* On the use of antiviral, as the number of local cases accumulates to a certain point, the DH will order post-exposure prophylaxis for close contacts to be generally stopped, reserving antiviral medication for treating more serious hospitalised inpatients.

     Let me turn to other community and public institutions.

* For elderly homes, existing measures for outbreak at elderly homes will continue.  Patients will be isolated and treated in HA hospitals.  Others are to stay in institutions and wear masks and observe good personal hygiene.

* We advise people at workplaces to observe good personal hygiene and ensure proper disinfection of public places.  Those with influenza-like illness should stay at home and wear masks if necessary only if they really need to go out.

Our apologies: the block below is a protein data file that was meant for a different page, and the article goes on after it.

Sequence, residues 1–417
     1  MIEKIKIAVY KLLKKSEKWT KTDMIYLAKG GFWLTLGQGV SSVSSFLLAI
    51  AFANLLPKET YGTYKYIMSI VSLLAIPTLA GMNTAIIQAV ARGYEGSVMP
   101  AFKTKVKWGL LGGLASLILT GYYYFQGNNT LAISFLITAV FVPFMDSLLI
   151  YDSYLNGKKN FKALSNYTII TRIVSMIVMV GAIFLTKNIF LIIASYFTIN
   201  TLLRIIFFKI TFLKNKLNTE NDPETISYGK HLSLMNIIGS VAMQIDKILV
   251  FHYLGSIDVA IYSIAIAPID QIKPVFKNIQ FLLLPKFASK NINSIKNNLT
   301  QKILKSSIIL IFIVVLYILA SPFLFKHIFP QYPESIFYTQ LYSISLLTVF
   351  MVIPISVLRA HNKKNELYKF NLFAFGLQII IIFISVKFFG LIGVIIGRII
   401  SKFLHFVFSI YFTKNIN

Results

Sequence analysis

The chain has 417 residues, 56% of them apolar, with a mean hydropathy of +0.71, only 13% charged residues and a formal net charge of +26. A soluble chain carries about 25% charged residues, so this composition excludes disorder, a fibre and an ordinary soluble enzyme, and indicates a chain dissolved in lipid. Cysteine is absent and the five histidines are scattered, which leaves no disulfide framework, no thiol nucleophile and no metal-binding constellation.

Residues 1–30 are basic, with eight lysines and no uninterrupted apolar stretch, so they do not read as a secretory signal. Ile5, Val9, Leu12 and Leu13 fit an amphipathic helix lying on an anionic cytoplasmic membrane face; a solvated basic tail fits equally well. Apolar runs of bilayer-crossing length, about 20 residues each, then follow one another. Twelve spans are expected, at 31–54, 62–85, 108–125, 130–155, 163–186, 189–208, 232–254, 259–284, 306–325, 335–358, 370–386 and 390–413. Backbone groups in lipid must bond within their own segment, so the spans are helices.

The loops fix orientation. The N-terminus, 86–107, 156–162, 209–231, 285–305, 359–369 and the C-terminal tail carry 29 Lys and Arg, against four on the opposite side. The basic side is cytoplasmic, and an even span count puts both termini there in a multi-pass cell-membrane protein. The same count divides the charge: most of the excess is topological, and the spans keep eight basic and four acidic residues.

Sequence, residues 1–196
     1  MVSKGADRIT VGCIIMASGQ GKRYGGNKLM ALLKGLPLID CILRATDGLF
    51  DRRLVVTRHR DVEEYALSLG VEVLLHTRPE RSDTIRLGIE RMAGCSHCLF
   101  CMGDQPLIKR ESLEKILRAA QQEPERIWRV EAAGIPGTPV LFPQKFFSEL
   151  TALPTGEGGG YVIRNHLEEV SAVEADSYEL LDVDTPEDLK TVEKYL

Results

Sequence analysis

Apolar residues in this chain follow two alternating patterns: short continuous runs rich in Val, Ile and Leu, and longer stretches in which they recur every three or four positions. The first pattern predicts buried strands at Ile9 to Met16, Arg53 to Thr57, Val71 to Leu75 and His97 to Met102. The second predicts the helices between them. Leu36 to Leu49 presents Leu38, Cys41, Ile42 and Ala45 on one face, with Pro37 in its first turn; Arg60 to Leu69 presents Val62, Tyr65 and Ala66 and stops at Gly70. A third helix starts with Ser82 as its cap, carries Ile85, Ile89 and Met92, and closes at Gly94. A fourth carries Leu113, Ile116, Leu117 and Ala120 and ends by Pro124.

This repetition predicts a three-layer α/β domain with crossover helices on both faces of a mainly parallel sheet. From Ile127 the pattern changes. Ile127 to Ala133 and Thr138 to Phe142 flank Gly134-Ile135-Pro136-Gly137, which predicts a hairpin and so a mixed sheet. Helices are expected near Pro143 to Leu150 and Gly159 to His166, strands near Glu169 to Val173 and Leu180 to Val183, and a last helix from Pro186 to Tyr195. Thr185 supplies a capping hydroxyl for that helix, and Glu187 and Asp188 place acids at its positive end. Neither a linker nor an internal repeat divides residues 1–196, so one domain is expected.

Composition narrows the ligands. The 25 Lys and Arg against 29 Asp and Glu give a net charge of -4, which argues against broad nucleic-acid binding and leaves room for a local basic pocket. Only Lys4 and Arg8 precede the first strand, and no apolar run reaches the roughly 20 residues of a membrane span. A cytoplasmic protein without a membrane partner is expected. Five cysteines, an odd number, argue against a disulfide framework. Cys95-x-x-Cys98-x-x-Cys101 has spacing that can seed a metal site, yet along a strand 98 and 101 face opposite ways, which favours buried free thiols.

* All conferences, exhibitions and public events may continue as usual.  Organisers must ensure all participants observe good personal hygiene and disinfect all public places of the relevant premises properly.  Organisers must advise those with influenza-like illness not to participate, stay at home and wear masks if necessary when going out.

* Public transport companies will have to step up vehicle cleaning and disinfection, and advise staff and passengers to maintain good personal hygiene, and wear masks if not feeling well.

* Public utilities companies will also have to step up cleaning and disinfection, advise staff to maintain good personal hygiene, and initiate pandemic preparedness plans to ensure no disruption to essential services.